§ 21. Mr. Denham
To ask the Secretary of State for Foreign and Commonwealth Affairs what methods his Department uses to monitor human rights in other states.
§ Mr. Douglas Hogg
We gather information from a wide variety of sources in monitoring human rights in other countries. Our missions report on human rights and we share information and assessments with other Governments, in particular our European Union partners. Committees and experts from the United Nations, the Council of Europe and the Organisation for Security and Co-operation in Europe produce many reports on human rights. We regularly receive reports and representations from non-governmental organisations.
§ Mr. Denham
But is the Minister aware that when right hon. and hon. Members write to raise human rights issues in the context of arms exports and other concerns, we frequently receive bland and uninformative responses, simply saying that the human rights situation is improving, or is acceptable, or is giving rise to concern? Those assurances are often at variance with what the non-governmental organisations in the countries concerned and organisations such as Amnesty International say. Is it not now time to bring proper openness and transparency into our assessment of human rights in other countries—for example, by formally inviting submissions from human rights organisations and others to the British Government, and making a formal response to the concerns raised therein?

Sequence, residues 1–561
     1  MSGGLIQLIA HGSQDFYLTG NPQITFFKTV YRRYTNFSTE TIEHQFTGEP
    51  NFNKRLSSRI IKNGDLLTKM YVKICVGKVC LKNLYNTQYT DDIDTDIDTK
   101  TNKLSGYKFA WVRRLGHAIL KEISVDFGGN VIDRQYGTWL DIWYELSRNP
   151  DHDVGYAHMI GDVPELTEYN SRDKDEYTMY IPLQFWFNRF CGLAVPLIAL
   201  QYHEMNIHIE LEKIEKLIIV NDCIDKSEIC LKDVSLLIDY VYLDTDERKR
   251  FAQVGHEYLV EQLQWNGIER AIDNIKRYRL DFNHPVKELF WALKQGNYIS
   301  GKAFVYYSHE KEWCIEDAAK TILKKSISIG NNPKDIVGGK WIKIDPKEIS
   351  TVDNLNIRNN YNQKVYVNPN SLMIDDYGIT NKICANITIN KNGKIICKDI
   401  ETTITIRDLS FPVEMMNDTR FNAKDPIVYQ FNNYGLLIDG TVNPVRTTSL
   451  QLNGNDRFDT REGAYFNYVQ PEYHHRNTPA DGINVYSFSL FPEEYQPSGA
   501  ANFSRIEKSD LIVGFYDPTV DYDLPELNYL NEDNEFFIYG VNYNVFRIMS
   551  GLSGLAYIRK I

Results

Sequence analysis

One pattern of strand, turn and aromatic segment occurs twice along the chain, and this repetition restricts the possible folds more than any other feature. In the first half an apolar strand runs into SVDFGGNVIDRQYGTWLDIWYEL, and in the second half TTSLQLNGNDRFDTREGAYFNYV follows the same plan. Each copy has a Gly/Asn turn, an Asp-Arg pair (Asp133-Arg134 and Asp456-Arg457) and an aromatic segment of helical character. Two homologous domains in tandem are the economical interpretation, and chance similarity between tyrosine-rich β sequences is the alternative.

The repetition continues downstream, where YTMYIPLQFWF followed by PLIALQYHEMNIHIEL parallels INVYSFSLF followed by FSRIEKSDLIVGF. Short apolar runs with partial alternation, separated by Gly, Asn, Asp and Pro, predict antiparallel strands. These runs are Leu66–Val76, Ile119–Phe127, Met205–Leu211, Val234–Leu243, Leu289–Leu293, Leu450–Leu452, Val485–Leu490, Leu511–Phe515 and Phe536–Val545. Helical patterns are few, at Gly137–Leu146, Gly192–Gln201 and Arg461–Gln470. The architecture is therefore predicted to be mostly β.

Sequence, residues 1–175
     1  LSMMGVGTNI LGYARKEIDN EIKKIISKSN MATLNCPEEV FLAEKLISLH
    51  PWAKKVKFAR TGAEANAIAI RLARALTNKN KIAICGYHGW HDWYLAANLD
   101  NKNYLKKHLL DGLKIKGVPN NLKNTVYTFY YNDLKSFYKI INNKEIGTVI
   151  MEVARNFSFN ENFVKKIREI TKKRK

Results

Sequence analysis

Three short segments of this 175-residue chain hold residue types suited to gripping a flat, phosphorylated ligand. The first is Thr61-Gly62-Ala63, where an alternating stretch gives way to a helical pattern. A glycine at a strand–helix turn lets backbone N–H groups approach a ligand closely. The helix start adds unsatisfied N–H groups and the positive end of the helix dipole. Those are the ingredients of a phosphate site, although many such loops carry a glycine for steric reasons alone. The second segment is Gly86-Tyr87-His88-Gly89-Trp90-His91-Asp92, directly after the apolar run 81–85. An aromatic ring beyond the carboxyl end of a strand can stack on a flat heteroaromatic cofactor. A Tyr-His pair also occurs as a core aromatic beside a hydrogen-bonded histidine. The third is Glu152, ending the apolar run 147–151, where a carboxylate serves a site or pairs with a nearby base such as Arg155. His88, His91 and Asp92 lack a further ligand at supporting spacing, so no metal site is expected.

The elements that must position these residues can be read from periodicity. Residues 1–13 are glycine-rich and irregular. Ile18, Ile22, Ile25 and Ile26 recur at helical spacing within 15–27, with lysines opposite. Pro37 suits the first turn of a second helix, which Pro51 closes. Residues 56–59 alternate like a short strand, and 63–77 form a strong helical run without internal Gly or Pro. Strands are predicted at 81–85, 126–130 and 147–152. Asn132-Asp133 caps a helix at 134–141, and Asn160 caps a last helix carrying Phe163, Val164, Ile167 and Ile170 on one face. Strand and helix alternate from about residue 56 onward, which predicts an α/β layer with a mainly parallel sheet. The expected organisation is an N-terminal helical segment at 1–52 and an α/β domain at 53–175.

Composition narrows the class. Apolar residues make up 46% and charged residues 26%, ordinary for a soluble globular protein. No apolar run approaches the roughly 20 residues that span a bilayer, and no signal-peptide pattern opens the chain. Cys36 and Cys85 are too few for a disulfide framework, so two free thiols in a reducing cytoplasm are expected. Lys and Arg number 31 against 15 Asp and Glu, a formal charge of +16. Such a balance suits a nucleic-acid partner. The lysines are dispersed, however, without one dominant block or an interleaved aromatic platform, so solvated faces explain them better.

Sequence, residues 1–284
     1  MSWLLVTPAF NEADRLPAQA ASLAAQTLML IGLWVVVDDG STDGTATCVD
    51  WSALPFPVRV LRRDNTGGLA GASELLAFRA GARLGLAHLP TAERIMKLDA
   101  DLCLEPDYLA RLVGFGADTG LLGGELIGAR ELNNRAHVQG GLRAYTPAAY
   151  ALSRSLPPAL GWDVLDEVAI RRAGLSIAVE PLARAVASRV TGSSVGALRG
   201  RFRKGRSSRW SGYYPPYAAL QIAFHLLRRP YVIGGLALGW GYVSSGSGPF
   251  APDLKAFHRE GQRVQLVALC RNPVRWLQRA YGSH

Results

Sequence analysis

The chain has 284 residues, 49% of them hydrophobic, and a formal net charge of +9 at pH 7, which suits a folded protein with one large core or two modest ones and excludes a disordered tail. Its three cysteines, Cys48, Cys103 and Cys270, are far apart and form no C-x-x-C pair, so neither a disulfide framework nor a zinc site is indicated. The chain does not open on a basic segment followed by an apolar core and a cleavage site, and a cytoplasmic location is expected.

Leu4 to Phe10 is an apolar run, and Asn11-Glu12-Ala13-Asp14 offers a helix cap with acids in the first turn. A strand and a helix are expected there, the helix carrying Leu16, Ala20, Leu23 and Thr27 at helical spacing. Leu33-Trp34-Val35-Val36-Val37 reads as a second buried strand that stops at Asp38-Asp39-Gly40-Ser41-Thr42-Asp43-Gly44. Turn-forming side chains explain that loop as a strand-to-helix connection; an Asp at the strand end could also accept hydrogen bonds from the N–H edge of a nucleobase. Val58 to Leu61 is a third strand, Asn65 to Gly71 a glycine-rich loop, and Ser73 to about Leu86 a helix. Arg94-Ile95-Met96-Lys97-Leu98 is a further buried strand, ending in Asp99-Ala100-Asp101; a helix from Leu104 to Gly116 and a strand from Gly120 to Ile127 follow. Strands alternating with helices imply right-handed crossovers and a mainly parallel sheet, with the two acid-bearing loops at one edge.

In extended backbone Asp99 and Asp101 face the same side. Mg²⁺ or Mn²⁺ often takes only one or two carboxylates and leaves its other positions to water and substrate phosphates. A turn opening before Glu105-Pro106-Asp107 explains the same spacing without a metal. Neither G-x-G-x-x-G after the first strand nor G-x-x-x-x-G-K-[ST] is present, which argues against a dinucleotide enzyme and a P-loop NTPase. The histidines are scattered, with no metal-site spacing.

§ Sir Cranley Onslow
When the Government monitor human rights in Burma, does my right hon. and learned Friend agree that nothing would do as much to restore democracy in that country as the release of Aung San Suu Kyi?
§ Mr. Waller
Madam Speaker, I thank my hon. Friend the Parliamentary Under-Secretary of State for his earlier reply to my question on Pakistan, and I shall forgo a second bite of the cherry.